Road Test Blocks
Fiat’s powerful Euro-5 Scudo has plenty of features that give it character – but it fails to deliver when carrying the full 1,200kg payload.
The revamped Scudo was first launched in early 2007, when LCV sales were on an upward trend. Built on a shared platform with its Sevel van siblings – Peugeot Expert and Citroën Dispatch – the new Scudo stormed to success securing the International Van of the Year award in 2008, in addition to starring in an advertising campaign with several Italian football stars and Formula One racing driver Michael Schumacher.
Four years on, and sales still trail in the wake of its rivals – Transporter, Vito and Transit – but the Fiat Professional range is catching up. Value for money, improving aftersales care and an impressive range of products have helped, but will the addition of a new Euro-5 engine entice new customers to the 3-tonne Scudo?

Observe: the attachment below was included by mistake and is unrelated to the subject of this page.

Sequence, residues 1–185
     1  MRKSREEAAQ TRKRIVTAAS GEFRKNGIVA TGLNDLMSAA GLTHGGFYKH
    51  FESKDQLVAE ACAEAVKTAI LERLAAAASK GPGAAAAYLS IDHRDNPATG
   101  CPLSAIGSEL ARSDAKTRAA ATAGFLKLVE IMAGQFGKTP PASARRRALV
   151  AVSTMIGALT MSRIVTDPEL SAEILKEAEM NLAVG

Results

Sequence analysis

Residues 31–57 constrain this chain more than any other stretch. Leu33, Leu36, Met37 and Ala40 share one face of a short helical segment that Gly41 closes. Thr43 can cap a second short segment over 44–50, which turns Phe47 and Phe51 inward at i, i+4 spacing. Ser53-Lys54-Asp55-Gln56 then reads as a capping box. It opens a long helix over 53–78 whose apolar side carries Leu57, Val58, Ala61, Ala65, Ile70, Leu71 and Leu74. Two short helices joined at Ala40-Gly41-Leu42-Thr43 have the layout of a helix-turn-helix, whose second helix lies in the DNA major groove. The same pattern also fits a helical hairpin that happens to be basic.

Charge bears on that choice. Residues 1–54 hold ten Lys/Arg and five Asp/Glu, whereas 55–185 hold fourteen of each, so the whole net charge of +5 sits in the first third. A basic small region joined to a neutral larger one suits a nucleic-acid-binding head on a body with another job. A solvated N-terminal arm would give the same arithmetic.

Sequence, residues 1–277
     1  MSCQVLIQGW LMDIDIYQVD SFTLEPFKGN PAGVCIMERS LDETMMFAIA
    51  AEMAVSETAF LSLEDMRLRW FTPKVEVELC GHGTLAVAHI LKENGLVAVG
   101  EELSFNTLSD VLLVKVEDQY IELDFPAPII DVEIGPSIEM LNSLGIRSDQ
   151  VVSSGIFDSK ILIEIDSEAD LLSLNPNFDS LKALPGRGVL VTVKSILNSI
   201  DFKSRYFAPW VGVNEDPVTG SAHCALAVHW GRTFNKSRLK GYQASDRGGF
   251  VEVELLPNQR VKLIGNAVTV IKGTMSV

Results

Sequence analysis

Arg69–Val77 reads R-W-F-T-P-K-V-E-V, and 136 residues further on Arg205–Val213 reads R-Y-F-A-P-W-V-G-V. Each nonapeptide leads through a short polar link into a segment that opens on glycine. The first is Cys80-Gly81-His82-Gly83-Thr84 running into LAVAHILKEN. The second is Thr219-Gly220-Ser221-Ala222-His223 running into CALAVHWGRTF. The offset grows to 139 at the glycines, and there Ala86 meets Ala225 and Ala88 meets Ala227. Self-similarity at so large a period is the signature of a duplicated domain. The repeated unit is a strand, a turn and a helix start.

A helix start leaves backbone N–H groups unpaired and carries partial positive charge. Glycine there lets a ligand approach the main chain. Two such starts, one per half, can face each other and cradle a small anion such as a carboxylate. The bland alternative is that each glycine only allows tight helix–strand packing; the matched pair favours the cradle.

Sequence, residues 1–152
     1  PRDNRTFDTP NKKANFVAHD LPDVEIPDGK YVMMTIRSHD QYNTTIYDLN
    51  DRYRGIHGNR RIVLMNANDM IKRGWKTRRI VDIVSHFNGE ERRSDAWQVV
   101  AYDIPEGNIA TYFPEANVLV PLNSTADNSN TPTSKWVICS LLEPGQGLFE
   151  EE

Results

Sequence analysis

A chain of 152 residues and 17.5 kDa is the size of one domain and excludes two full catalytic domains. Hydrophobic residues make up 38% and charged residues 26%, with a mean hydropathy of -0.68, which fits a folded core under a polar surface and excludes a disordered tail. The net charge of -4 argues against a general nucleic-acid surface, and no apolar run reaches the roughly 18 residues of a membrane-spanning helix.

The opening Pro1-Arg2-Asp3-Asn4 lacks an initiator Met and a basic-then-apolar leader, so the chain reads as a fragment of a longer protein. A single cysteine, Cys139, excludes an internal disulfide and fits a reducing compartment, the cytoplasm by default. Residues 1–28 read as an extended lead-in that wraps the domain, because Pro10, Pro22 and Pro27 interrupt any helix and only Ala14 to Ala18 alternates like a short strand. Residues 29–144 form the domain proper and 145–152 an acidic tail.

This test model pictured, fitted with a revised 2-litre Multijet engine, is the first Scudo to meet Euro-5 regulations, achieving a claimed 40.9mpg on the combined cycle and CO2 emissions of just 181g/km. Impressive figures when you consider the 163hp and 3,400Nm of torque available.
The Euro-5 Scudo panel van comes with a choice of long or short-wheelbases (3,000mm or 3,122mm), and two height options (1,449mm or 1,750mm). Our test vehicle is the L2H1 model (long-wheelbase) which starts from £19,385, while short-wheelbase versions commence at £18,195.
The Scudo is typical no-thrills, run-of-the-mill van. There isn’t much to dislike about it; it’s cheap to run, practical and it handles relatively well although smaller engines may be a bit strained when carrying a full load.